The Steatoda triangulosa, commonly called the triangulate cobweb spider is a brown-black spider found throughout the US. It has an iconic triangulate shape on its back.
Steatoda triangulosa Description
The most distinguishing marks on the Steatoda triangulosa are the two darker zigzag markings that run down the abdomen, which form a set of triangular shapes running down the middle between them. They are usually two-toned brown spiders with banded legs.
The Steatoda triangulosa is not a big spider as the body of the adult female reaches only about 1/4 of an inch (6 mm). With the leg spread, it reaches approximately 5/8” (16 mm).
Though some species of the Steatoda family can have medically significant bites, I have not found any evidence of anyone receiving a bite from the S.triangulosa. I have found two different places on-line that says they are harmless, one of them saying they are too small to puncture human skin. Personally, I tend to believe all spiders can bite, but it does sound like the Steatoda triangulosa is on the harmless side.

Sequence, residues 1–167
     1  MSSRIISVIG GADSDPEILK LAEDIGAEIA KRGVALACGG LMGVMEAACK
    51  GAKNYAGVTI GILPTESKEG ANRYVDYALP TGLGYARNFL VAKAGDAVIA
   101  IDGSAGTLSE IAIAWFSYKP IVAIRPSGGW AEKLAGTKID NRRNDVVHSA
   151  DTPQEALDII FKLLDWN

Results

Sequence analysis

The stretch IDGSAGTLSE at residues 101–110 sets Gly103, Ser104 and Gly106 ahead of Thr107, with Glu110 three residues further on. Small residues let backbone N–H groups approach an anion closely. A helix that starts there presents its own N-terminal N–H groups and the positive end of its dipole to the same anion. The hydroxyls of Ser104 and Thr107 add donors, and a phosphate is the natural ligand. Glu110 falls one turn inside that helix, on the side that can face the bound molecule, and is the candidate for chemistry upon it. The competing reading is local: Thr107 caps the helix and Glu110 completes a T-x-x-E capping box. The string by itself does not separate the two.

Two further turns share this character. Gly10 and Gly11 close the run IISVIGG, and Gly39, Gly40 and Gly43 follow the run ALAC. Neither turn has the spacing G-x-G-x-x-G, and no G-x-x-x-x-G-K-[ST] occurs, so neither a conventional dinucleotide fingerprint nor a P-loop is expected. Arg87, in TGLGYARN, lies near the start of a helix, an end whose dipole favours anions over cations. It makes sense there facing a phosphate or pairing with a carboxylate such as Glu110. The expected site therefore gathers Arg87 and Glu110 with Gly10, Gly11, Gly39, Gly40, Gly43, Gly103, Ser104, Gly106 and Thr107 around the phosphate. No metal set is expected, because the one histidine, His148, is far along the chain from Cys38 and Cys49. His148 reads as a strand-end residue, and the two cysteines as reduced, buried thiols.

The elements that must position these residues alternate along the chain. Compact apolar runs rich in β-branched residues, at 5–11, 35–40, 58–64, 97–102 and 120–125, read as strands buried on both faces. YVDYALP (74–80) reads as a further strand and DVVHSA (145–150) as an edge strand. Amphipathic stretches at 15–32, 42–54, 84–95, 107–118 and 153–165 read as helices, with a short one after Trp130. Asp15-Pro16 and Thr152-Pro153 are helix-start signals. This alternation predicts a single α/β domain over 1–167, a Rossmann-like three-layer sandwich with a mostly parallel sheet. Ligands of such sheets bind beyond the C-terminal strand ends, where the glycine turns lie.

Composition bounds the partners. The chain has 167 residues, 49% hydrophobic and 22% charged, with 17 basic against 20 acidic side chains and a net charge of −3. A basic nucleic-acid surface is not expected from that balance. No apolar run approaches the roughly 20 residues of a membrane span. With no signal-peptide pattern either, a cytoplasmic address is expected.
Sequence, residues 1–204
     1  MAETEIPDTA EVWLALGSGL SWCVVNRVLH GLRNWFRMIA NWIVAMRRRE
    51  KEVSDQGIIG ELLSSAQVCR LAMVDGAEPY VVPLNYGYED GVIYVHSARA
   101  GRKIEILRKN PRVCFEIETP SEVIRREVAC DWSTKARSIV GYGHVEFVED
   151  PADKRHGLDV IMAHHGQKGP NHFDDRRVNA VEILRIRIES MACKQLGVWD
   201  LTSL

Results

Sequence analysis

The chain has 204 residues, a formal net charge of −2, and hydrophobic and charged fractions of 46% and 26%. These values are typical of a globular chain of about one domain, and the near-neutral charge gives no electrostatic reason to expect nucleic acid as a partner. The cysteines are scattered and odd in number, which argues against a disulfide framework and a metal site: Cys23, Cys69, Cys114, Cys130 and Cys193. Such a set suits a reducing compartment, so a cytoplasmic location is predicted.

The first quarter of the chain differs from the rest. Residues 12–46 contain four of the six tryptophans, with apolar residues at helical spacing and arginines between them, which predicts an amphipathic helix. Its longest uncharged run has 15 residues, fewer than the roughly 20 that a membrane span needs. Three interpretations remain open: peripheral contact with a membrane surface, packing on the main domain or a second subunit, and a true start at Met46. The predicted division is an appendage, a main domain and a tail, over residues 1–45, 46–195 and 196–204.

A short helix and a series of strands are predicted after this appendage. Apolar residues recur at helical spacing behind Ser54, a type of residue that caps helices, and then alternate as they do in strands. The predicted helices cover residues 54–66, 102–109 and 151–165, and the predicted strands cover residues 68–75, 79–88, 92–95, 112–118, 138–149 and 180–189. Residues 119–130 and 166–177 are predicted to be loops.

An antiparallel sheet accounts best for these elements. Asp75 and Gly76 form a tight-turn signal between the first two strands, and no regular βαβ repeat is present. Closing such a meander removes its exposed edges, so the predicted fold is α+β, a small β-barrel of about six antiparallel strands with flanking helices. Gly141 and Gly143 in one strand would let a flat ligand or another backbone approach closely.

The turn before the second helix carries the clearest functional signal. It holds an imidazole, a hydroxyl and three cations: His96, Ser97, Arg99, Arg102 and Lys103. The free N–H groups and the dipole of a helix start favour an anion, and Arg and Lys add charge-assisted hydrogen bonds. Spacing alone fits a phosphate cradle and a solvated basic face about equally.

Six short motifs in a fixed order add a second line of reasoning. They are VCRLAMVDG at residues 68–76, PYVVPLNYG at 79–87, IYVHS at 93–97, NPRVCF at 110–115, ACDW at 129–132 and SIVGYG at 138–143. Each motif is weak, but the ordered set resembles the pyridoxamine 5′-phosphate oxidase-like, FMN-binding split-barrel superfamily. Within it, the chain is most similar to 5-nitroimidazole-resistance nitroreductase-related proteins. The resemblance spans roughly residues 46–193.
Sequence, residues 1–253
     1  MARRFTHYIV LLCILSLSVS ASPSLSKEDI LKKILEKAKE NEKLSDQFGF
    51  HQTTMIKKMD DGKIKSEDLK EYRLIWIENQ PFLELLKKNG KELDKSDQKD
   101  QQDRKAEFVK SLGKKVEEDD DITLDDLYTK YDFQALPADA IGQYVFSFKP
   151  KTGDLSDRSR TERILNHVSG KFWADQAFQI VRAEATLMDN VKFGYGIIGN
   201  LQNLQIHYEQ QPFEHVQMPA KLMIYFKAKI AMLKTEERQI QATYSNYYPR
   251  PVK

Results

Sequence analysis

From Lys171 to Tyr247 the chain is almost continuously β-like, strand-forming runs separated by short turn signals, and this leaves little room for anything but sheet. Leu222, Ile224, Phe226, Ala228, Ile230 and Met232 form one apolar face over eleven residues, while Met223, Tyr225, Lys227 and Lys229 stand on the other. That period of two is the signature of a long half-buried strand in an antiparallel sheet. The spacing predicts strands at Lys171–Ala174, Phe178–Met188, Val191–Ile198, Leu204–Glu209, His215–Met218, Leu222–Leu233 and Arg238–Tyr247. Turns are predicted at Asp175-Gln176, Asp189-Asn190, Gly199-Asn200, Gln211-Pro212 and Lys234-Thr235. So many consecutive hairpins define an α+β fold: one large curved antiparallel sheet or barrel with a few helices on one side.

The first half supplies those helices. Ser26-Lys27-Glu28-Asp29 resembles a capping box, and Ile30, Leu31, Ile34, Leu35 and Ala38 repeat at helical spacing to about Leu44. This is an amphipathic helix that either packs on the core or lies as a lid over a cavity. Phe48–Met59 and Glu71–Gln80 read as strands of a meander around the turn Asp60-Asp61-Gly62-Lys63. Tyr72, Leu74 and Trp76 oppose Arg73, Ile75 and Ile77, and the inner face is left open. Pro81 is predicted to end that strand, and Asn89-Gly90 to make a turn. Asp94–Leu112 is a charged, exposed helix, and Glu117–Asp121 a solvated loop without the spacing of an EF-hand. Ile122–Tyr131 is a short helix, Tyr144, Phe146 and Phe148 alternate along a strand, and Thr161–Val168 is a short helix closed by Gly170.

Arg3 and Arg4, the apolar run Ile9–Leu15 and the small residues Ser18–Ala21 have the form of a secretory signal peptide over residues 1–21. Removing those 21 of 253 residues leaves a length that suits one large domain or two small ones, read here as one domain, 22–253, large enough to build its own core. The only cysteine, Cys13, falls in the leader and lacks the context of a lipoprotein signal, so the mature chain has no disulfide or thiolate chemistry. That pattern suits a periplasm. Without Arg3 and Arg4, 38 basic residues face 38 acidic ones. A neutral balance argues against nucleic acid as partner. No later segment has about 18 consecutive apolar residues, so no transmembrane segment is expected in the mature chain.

Scientific Classification of Steatoda triangulosa
- Kingdom: Animalia
- Phylum: Arthropoda
- Subphylum: Chelicerata
- Class: Arachnida
- Order: Araneae
- Infraorder: Araneomorphae
- Family: Theridiidae
- Genus: Steatoda
- Species: Steatoda triangulosa
Distribution of the Triangulate Cobweb Spider in the USA
The Steatoda triangulosa can be found in every state in the United States and Canada. Alabama, Alaska, Arizona, Arkansas, California, Colorado, Connecticut, Delaware, Florida, Georgia, Hawaii, Idaho, Illinois, Indiana, Iowa, Kansas, Kentucky, Louisiana, Maine, Maryland, Massachusetts, Michigan, Minnesota, Mississippi, Missouri, Montana, Nebraska, Nevada, New Hampshire, New Jersey, New Mexico, New York, North Carolina, North Dakota, Ohio, Oklahoma, Oregon, Pennsylvania, Rhode Island, South Carolina, South Dakota, Tennessee, Texas, Utah, Vermont, Virginia, Washington, West Virginia, Wisconsin, Wyoming